Part 1

Name: Fiona Brice
Nationality: English
Occupation: Composer / Arranger / Violinist
Selected Projects: Placebo, John Grant, Anna Calvi
Current Releases: Postcards From on Bella Union
Musical Recommendations: PJ Harvey and St Vincent (Annie Clark).
Website: fionabrice.com

When did you start composing - and what or who were your early passions and influences?

I started early. My Mum’s job involved audio transcription and she gave me an old cassette recorder to play with when I was 4 or 5 years old. It had a microphone and I used to make up songs and record them. From then on I took up whatever was offered at school; recorder, singing, violin and later piano. I wrote and performed songs and chamber music at school. My earliest influences were obvious ones; the records my parents played (The Beatles, Abba), TV themes, 80s pop. I was introduced to classical music through violin and piano lessons and got excited when I discovered Bartok, Shostakovich and Debussy.

For most artists, originality is first preceded by a phase of learning and, often, emulating others. What was this like for you? How would you describe your own development as an artist and the transition towards your own voice?

When I was 15 I wanted to be Prince. I listened to his albums fanatically (particularly Parade, Purple Rain and Sign of the Times) and I just thought: “I understand this language”. I also wanted to be Shostakovich and simultaneously Debbie Harry. I wrote both songs and orchestral pieces. It was obviously a challenging mix and it took me a while to make any sense of it. Then I studied Music & German at Kings College London & the Royal College of Music where I had all enthusiasm for performance drained from me to the point where I gave up the violin for a summer and stopped writing songs. It was only after I graduated and started playing with rock bands in London that I rediscovered any joy in music.

What were some of the most important creative challenges when starting out as a composer and how have they changed over time? 

The single biggest challenge to my creativity was the necessity to earn money. I am not from a wealthy background, and after university it was a daily struggle to earn enough to pay rent in London. I did office work and then would write or play gigs in the evenings. I worked extremely hard; it was the only option. It took me a decade to phase out the day jobs and the debt and to earn a living solely from music. I knew I just had to keep going until I could call it a career and devote 100% of my time to music. It took a lot of determination and guts. Gradually I found myself very busy writing orchestrations for other artists, and the challenge became more about finding time to concentrate on my own writing. Despite having written a huge amount of music, this album (Postcards From) is my first solo release. It won't be my last though.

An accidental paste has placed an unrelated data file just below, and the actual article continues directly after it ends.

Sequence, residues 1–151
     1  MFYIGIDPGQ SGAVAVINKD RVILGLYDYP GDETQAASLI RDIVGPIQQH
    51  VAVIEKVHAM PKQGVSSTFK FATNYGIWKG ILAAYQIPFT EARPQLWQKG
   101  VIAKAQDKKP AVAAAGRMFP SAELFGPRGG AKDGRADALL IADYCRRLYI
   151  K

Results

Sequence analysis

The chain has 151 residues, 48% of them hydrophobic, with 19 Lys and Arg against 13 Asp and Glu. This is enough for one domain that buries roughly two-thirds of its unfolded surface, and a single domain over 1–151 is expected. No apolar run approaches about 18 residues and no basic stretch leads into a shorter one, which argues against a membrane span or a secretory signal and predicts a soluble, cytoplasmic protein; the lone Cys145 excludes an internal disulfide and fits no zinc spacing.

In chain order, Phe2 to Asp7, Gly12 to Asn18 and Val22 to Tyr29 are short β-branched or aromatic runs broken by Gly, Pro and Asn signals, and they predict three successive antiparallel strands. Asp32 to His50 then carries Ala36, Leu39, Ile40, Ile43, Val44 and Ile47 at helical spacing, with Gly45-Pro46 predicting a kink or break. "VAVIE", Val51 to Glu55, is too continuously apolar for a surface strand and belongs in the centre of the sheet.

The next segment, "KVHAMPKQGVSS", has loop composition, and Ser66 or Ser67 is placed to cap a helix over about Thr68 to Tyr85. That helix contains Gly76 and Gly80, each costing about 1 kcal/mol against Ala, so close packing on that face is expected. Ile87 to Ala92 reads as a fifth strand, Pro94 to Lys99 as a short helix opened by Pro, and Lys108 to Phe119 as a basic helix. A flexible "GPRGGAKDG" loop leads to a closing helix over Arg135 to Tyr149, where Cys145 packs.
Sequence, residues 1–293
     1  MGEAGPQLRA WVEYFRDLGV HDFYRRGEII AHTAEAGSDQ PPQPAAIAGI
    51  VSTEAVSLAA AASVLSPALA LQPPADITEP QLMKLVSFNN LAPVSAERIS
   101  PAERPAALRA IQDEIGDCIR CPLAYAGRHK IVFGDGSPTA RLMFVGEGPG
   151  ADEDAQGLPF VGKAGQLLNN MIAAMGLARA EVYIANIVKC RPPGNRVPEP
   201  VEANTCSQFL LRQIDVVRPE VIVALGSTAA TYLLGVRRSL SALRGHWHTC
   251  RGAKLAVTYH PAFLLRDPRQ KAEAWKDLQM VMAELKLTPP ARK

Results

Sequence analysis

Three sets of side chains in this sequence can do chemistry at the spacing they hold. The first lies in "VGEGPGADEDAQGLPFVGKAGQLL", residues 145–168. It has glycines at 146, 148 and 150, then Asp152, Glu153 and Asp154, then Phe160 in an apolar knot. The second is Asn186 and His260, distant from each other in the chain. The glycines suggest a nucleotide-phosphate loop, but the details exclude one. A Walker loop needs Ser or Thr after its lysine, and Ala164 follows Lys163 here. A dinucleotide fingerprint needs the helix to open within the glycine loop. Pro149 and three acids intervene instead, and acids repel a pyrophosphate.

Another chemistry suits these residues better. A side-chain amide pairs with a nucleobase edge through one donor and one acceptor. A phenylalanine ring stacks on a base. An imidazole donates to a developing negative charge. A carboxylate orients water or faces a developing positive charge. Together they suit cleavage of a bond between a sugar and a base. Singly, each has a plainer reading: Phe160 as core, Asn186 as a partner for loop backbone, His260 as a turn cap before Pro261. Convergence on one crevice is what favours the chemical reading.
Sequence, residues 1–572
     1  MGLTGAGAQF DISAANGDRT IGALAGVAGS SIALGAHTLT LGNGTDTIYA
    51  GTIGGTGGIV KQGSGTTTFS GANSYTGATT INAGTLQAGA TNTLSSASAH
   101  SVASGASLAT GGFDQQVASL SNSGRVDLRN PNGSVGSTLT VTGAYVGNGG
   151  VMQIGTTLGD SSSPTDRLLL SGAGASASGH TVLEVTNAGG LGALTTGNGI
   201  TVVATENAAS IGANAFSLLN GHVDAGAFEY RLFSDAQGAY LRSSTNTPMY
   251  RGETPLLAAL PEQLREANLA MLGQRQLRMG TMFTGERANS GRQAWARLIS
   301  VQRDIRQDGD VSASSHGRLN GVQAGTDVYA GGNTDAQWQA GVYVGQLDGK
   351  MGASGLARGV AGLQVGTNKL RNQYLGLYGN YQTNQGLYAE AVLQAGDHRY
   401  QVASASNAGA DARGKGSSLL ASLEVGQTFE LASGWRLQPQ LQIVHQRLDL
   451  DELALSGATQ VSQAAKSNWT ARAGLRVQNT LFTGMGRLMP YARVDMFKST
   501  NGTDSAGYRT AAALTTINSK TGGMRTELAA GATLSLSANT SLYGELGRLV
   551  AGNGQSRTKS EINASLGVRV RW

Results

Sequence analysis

Tell us about your studio/work space, please. What were criteria when setting it up and how does this environment influence the creative process? How important, relatively speaking, are factors like mood, ergonomics, haptics and technology for you?

My laptop is my studio. I travel worldwide when touring and I have a minimalist portable set-up. I take manuscript and my violin everywhere. I use Sibelius and Logic and I love the Universal Audio Apollo Twin. You can achieve a lot in a hotel room with basic equipment, you just need a good idea. I use real instruments wherever possible. I pay to record pro musicians in a decent studio whenever I need to. I don't let technological fashions (popular sample sounds or plug-ins) dictate my sound.

Could you take me through the process of composing on the basis of one of your pieces that's particularly dear to you, please? What do you start with when working on a new piece, for example, how do you form your creative decisions and how do you refine them?

The melody for "Postcard from Berlin" came to me when I was practicing violin in a hotel in the city. I immediately wrote it down in a Sibelius score on my laptop. Then I added harmony and counter-melody, and when I returned to London I went to DIN Sound to record the entire piece on violins with cellist Vicky Matthews and producer/engineer Julian Simmons. That is quite typical of my writing. I get a fast initial idea when playing violin or piano, often a fairly complete melodic idea, and I try to capture it there and then, either by recording it or with pencil and paper. When I come to refine it, I may well be in a different location, which gives me a fresh perspective. Simplicity, space and precision are important to me. I question the purpose of each note.

What, if anything, do you personally draw from the cosmos of electronic music and digital production tools that is inspiring for your daily practice? In how far do you see the potential for a mutual creative pollination between the two?

Not at the conceptual stage, but technology may influence how I then choose to record a piece. For example, I might choose to use tape delay or reverb to create the texture of quavers if it sounds more interesting, rather than just playing quavers.

How do you see the relationship between timbre and composition?

The composition of a piece and the performance of that piece are two very different things. A melody played on an oboe has a very different emotional effect to the same melody played on a xylophone. No two singers will perform a piece in the same way, and nor should they. Music is open to interpretation. The great thing about recorded music is that you can create the definitive version, it is the best chance you have of realising the sound that is in your head. Subsequent live performances will differ in emotion, tempo, accuracy, but the dots on the page remain the same. They are the map.

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